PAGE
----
MWD systems can take several measurements like natural gamma ray. Certain MWD systems have the capability of receiving encoded control commands which are sent by turning on and off mud pumps and/or changing the rotation speed of drill pipe or by other advanced telemetry technology such as wired pipe. vibration. The tools are either contained inside a drill collar (sonde type) or are built into the collars themselves. borehole pressure. orientation and drill bit information. Is a system developed to perform drilling related measurements downhole and transmit information to the surface while drilling a well. Measurement-While-Drilling (MWD) specifically refers to information used to help in steering the drill. Drillers and engineers are able to use LWD information immediately to define well placement and predict drilling hazards. more successful wells both onshore and off. tool face." use of real-time logging information provided by LWD is enabling stronger.A type of LWD. MWD: (measurement while drilling) MWD stands for Measurement While Drilling in the Oil Industry. shock. temperature.1 Directional information 1. such as direction. MWD tools are conveyed downhole as part of bottom hole assembly (BHA). Some advanced MWD tools can even measure formation pressure and take formation samples. torque etc. The measured results are stored in MWD tools and some of the results can be transmitted digitally to surface using mud pulser telemetry through the mud or other advanced technology.3 Formation properties . Known as "intelligent drilling.2 Drilling mechanics information 1. directional survey. The MWD also provides the telemetry for operating rotary steering tools (RSTs). Contents [hide] 1 Types of information transmitted o o o 1.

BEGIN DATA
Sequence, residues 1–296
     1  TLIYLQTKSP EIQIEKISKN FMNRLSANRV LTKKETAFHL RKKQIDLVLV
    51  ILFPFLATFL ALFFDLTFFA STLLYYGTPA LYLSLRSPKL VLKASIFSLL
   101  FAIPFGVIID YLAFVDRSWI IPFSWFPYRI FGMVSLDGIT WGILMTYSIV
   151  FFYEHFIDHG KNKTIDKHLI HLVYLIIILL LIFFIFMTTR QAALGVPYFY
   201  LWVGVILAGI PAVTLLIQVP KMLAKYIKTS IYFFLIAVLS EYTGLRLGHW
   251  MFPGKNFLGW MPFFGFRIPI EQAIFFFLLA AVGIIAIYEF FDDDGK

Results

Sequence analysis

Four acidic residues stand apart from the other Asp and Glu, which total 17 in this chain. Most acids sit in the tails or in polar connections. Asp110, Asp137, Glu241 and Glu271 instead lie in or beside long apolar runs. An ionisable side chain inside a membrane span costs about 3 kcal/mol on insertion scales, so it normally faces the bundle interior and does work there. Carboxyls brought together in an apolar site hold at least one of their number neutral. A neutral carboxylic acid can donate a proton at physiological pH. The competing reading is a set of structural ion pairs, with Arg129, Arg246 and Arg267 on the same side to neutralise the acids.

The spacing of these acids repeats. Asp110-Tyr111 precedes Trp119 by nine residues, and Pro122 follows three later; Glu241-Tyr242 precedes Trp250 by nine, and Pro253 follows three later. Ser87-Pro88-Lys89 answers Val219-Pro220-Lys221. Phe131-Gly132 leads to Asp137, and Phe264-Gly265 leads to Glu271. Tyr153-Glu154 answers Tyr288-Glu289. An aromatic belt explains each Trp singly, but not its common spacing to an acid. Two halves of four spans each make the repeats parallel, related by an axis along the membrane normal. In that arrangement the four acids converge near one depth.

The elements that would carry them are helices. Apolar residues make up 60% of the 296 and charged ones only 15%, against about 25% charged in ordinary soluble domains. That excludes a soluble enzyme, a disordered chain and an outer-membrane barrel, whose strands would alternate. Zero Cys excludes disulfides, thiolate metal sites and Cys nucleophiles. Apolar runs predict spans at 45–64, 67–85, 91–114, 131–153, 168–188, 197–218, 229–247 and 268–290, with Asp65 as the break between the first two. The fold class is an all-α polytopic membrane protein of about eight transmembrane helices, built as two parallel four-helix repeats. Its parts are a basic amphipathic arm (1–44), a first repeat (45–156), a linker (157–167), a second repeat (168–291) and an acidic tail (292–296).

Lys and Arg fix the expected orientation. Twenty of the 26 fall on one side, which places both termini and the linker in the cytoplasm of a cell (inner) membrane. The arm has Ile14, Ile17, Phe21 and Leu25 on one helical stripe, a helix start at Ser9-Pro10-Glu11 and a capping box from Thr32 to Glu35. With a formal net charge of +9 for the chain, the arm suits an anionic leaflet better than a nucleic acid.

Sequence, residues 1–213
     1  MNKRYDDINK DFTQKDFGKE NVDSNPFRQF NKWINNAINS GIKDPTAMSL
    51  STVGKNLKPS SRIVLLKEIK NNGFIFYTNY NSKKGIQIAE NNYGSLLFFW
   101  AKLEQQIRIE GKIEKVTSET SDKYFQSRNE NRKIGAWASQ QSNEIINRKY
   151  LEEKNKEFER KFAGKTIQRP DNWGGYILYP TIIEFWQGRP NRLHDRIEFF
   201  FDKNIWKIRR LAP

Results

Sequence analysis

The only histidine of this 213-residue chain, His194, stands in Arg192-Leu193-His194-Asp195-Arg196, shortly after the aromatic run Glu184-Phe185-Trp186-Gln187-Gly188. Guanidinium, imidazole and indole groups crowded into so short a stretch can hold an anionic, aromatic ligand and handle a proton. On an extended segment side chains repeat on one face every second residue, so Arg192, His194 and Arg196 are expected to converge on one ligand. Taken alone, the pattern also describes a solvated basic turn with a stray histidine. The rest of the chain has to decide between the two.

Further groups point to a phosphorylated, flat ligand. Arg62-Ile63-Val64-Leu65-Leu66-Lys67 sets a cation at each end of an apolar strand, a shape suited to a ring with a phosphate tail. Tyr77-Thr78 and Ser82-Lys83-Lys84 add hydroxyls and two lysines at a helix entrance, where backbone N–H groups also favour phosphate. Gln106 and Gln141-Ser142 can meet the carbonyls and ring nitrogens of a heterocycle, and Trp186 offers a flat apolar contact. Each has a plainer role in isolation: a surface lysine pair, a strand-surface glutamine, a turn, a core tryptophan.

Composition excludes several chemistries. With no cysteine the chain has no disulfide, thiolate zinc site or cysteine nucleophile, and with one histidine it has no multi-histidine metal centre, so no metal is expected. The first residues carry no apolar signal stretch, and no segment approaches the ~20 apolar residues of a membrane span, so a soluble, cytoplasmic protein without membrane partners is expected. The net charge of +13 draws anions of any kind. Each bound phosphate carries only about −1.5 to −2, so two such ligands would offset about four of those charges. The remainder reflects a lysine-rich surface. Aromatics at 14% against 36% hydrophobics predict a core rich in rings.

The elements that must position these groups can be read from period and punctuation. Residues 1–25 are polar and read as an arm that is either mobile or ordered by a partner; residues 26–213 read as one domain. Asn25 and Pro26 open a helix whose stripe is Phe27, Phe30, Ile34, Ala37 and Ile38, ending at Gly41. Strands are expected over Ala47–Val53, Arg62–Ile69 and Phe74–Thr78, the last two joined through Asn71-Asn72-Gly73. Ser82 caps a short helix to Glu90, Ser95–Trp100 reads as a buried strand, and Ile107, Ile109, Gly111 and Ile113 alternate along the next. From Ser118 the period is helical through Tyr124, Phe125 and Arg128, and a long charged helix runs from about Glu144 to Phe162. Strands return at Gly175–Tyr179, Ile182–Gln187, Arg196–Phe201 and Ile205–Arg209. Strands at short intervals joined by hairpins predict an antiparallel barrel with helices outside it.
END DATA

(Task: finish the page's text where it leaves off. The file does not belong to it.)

The primary use of real-time surveys is in Directional Drilling. By itself. MWD tools are extremely complex pieces of high. the location of the wellbore can be calculated. and what the effects of his steering efforts are. Instead.tech electronics. The tool uses accelerometers and magnetometers to measure the inclination and azimuth of the wellbore at that location. the wells are surveyed after drilling through the use of Multishot Surveying Tools lowered into the drillstring on slickline or wireline. due to the cost of MWD systems.2 Electromagnetic telemetry (EM Tool) 2. MWD tools also generally provide toolface measurements to aid in directional drilling using downhole mud motors with bent subs or bent housings. 2 Data transmission methods o o o 2. For more information on the use of toolface measurements. However. This may include: . see Directional Drilling. they are not generally used on wells intended to be vertical.1 Mud pulse telemetry 2. Drilling mechanics information MWD tools can also provide information about the conditions at the drill bit. With a series of surveys at appropriate intervals (anywhere from every 30 ft (ie 10m) to every 500 ft). he must know where the well is going. this information allows operators to prove that their well does not cross into areas that they are not authorized to drill.1 Limitations 3 Retrievable tools o 4 See also 5 Notes Types of information transmitted Directional information MWD tools are generally capable of taking directional surveys in real time.3 Wired Drill Pipe 3. For the Directional Driller to steer the well towards a target zone. and they then transmit that information to the surface.